If you want to understand how our country and the world landed into this financial mess, you should listen to NPR’s This American Life episodes “Bad Bank” and “The Giant Pool of Money.” They are the clearest and easiest to follow explanations that I have heard. You can listen to a streaming podcast or download a transcript for free here. I thank my brother Phil for calling these episodes to my attention.
Here is a too brief summary: Many countries became rich selling us oil and electronics, and when they wanted someplace safe to park their new wealth, we created mortgage backed securities for them to invest in. Originally this was a great plan, as the securities we offered were backed by solid mortgages. We made an honest income and foreign investors received a reasonable return with little risk.
But the deal was so good that investors wanted to buy more, and soon their demand outstripped our supply of mortgages. This led directly to the subprime mortgage mess, as our banks and mortgage brokers kept lowering their lending standards in order to write more mortgages that they could pool into mortgage backed securities and sell to foreign investors. Soon we were giving mortgages to people without jobs or a down payment, and even a few who were already dead.
The scheme seemed to work as long as housing prices continued to rise, but once the dead and deadbeat homeowners began to miss their mortgage payments, the value of these previously considered safe investments began to plummet. Now banks and investment firms are stuck with mortgage backed securities that that no one knows what they’re worth: partly because of the unstable value of houses and partly because each security contains pieces of thousands of mortgages, in various stages of foreclosure or currency.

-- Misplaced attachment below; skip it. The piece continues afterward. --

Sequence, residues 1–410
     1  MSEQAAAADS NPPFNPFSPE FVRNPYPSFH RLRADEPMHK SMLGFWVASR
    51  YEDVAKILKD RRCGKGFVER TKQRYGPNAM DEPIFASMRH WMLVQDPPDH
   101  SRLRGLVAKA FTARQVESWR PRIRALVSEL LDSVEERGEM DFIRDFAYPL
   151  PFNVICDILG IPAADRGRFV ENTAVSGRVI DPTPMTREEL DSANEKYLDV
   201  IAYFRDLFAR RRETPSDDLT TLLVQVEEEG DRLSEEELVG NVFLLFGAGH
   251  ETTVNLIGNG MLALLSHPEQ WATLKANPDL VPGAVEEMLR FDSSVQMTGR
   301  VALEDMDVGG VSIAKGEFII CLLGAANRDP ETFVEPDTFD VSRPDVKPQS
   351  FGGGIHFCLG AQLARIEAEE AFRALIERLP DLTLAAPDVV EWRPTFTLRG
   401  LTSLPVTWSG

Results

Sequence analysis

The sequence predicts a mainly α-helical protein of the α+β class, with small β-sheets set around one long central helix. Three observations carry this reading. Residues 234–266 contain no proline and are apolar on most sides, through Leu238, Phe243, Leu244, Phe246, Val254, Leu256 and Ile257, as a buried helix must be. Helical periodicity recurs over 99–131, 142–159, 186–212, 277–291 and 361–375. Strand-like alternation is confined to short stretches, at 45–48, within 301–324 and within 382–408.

To make things even more complex, banks divided and spliced together these mortgage backed securities into collaterized debt obligations and sold them too. Any given mortgage was pooled with thousands of others into a mortgage backed security, which was then cut into pieces, each of which was combined with pieces of other mortgage backed securities into a collaterized debt obligation. So even if a homeowner wanted to renegotiate her mortgage, there is no way to know who to talk to.
Besides this excellent summary in the NPR broadcasts, a couple of things caught my eye.
1. “The Giant Pool of Money” contains disturbing stories of mortgage brokers who got caught up in the bubble. They knew that their mortgages were bad, but since they were making a fortune selling to willing investors and since everyone else was doing it, they went along. There are some juicy quotes here for sermon illustrations.
For example: “Glen didn’t worry about whether the loans were good. That’s someone else’s problem. And this way of thinking thrived at every step of this mortgage security chain.”
“No income no asset loans. That’s a liar’s loan. We are telling you to lie to us….Something about that feels very wrong. It felt wrong way back when and I wish we had never done it. Unfortunately, what happened…we did it because everyone else was doing it.”
2. Since banks don’t know the value of what’s on their balance sheets (or the sheets of other banks), they are prudently refusing to lend, even to other banks. And so the subprime mortgage crisis has blossomed into a credit crisis, which is threatening to take the U.S. and the rest of the world into a deep recession or worse.
3. The “Bad Bank” episode said that banks cannot lend their way out of this credit crisis. Our problem is that they have leant too much too irresponsibly, and so, according to the NPR expert, “it is no solution to try to lend more.” So apparently what the president and the congress say is the answer is not going to help.
According to another expert on the episode, the only solution is for the government (i.e., taxpayers) to buy these bad MBS’s and CDO’s from these banks at the highest price that we can afford. This alone will free the banks to begin lending again. For obvious reasons, no one has the political will to do this. But if NPR is right, we are just delaying the inevitable. The banks and mortgage brokers selfishly made and sold bad loans, and now we are going to pay for their sins.